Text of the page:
Can social media work for wholesalers?

In her latest data and digital media masterclass, Tanya Pepin shares her top social media tips.

In the interest of full disclosure, I must admit that I haven’t exactly embraced social media and social networking in my personal life, let alone at work. I have a Facebook page but I am one of those people who never update their statuses and just check in to read the updates from witty friends who have mastered the art of the short and punchy statement. I am slightly better with LinkedIn: I have an up-to-date page, quite a few contacts and I have posted the odd update to my contacts. That said, to date, its benefit to my business is pretty intangible.

[pull_quote_right]Wholesale being wholesale, the sector will undoubtedly embrace social media when it can identify an opportunity for it to drive extra sales[/pull_quote_right]

My point is that I suspect my current adoption of social media is not dissimilar to many wholesale professionals’. I also imagine that, like me, colleagues and the wider media are prompting most wholesalers to consider whether they should be using social media more and whether it is the next big route to market.  

Wholesale has been relatively slow to embrace e-commerce, so it is inevitable that the sector is also behind the curve on social media. However, as sectors go, it is true to say that wholesale is quite disparate, which can make social media adoption especially challenging.  

Communication for retail and catering, on-trade and off-trade, is not always the most collaborative of channels – competition between operators can certainly limit cross-sector activity. However, wholesale being wholesale and driven by profit, the sector will no doubt embrace social media when it can identify an opportunity for it to drive extra sales.

For my part, I have certainly noticed that winning new business is more challenging now than it was before the economic downturn: budgets have been cut and businesses are averse to risking money on new budget lines. Therefore, it is becoming ever more important for a company to get its name out there.  

Social media is undoubtedly a useful PR tool for raising awareness. As we are a consultancy, we have only a few clients, so relationship-building is easy. But for a wholesaler, building individual relationships with all its customers is virtually impossible. Again, social media is a great way of building relationships and getting quick feedback from large numbers of people. Awareness- and relationship-building might not go straight to the bottom line but they are certainly key contributors.

To that end, here are my own top tips for developing a social media strategy:

Purpose and strategy: Decide why your business will use social media – usually, you will be raising awareness, driving traffic and developing relationships.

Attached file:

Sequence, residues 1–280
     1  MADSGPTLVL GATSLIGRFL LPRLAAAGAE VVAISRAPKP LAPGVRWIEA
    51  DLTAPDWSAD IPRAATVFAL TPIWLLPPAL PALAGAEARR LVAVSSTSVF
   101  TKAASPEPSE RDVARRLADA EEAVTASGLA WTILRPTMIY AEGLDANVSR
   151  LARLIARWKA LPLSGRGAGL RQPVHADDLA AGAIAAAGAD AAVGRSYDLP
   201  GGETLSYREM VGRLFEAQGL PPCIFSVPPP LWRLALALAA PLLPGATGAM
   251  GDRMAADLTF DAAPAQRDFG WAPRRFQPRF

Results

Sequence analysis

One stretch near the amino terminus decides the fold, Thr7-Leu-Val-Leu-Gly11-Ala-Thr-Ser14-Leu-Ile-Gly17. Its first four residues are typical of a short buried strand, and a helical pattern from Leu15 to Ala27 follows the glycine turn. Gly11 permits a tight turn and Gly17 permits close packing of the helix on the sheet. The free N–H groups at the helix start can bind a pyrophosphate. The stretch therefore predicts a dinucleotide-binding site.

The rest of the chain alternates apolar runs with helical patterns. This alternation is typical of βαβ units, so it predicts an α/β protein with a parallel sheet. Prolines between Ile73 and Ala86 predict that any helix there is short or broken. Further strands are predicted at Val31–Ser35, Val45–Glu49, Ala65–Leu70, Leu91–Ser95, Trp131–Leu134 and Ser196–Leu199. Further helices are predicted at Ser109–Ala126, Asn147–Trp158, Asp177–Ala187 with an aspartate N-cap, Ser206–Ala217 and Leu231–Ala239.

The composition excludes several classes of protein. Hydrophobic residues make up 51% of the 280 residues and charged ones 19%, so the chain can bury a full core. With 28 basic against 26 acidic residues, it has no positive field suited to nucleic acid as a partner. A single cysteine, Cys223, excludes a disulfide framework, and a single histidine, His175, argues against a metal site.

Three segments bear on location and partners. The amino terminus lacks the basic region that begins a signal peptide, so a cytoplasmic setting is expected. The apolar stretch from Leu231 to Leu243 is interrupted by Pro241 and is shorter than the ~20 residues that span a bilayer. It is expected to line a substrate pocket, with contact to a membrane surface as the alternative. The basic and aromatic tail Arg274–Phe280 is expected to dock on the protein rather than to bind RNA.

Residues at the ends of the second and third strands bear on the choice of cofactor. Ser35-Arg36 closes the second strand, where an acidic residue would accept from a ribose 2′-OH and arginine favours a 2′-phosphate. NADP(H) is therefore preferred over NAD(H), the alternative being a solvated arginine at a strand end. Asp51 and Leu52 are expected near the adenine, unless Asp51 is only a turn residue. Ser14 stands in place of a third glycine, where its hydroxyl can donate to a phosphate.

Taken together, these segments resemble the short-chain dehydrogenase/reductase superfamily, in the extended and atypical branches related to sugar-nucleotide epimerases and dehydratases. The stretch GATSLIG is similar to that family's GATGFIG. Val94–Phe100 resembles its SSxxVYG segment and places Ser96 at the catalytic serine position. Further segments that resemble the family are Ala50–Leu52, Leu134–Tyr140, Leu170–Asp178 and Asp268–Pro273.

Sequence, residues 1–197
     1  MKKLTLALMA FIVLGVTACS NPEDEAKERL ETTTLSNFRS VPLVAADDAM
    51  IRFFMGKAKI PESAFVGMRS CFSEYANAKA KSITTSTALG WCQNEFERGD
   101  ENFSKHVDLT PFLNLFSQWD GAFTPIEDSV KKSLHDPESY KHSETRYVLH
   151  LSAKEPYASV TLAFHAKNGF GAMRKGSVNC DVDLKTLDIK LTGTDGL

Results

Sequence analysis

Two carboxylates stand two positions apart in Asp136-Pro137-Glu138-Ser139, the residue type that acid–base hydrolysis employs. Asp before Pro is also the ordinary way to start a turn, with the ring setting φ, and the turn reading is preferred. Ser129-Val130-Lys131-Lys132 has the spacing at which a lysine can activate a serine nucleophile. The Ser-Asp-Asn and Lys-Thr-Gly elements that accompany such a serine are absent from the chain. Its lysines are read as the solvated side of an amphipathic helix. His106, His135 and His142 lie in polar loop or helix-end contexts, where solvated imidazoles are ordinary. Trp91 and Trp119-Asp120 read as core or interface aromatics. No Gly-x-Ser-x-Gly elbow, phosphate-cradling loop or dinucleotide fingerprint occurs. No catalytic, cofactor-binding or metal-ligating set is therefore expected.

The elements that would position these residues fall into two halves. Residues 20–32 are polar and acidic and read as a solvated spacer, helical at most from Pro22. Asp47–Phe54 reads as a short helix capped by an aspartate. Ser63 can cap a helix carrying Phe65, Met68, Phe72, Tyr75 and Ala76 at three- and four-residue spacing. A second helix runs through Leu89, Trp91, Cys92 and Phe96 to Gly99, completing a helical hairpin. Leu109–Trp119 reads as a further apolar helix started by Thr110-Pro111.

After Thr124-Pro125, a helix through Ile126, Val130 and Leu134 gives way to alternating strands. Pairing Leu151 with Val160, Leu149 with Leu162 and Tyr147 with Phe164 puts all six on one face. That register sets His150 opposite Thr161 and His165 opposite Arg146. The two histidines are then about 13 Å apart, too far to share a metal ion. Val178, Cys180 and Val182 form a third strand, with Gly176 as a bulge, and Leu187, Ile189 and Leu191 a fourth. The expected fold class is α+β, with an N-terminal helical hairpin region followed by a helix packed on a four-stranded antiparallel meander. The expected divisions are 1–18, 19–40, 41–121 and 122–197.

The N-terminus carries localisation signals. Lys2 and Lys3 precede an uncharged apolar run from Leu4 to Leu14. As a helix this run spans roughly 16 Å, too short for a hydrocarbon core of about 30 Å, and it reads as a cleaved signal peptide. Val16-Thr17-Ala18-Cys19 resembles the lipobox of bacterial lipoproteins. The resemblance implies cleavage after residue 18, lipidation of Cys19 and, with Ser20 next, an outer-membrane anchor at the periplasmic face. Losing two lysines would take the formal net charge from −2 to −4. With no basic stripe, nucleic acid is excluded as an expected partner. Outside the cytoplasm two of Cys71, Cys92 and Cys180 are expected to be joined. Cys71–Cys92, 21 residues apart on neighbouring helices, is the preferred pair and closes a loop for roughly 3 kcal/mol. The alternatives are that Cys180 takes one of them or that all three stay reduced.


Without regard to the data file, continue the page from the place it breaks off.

Identify your reach: Think about whom you will target and the best ways to get to them.

Decide what to say: You will need ongoing, interesting and fresh content to be noticed and to keep your audience coming back. 

Engage in dialogue: Comment on your audience’s social media channels and respond when they comment on yours.

Do your research: Understand whether your business is already being talked about online and what is being said. 

Find out what’s trending: This is usually marked with a hash-tag (#) so include it within your social media channels to widen your reach. 

Choose the right person: You will need a consistent ‘voice’ to manage ownership of your online persona – who has what it takes to represent your business online?

Integrate sectors: Include your social media presence in your marketing agenda and alongside other communication activities in the business. 

Communicate internally: Ensure that all your staff are aware that you are embracing social media and why. Get them involved so that they can promote it.

Communicate externally: Tell your customers and potential customers that you are online and opening a new avenue for communicating with them. Ask them what they would like to see.

Develop a content calendar: Certain things, such as promotions, are cyclical and can form the basis of your social media content, since they can be more instant and impactful. 

Who can you collaborate with? Signposting your customers to other content that can help them develop their businesses will make you more valuable to them.

Assess your progress: Regularly review your content. Be honest about whether it is delivering against the strategy. Adjust things that are not working. 


  1. Hello,

    I run a wholesale company in the Netherlands and I stuggle as well with implementing a good social media strategy.

    LinkedIn gives me some good leads, but I would love to use other social media platforms as well only I cannot think of good content to post…

  2. Linkedin is great for us to talk to our wholesale and retail friends. We also use it to learn about our ever evolving business from people doing exactly what they love, in wholesale or in retail.

    BW mag has mastered this, by keeping us updated with great articles and insight just like this one using Social Media really very well.

    It is a great way to listen to and stay close to your customers. Thanks Tanya, great article.


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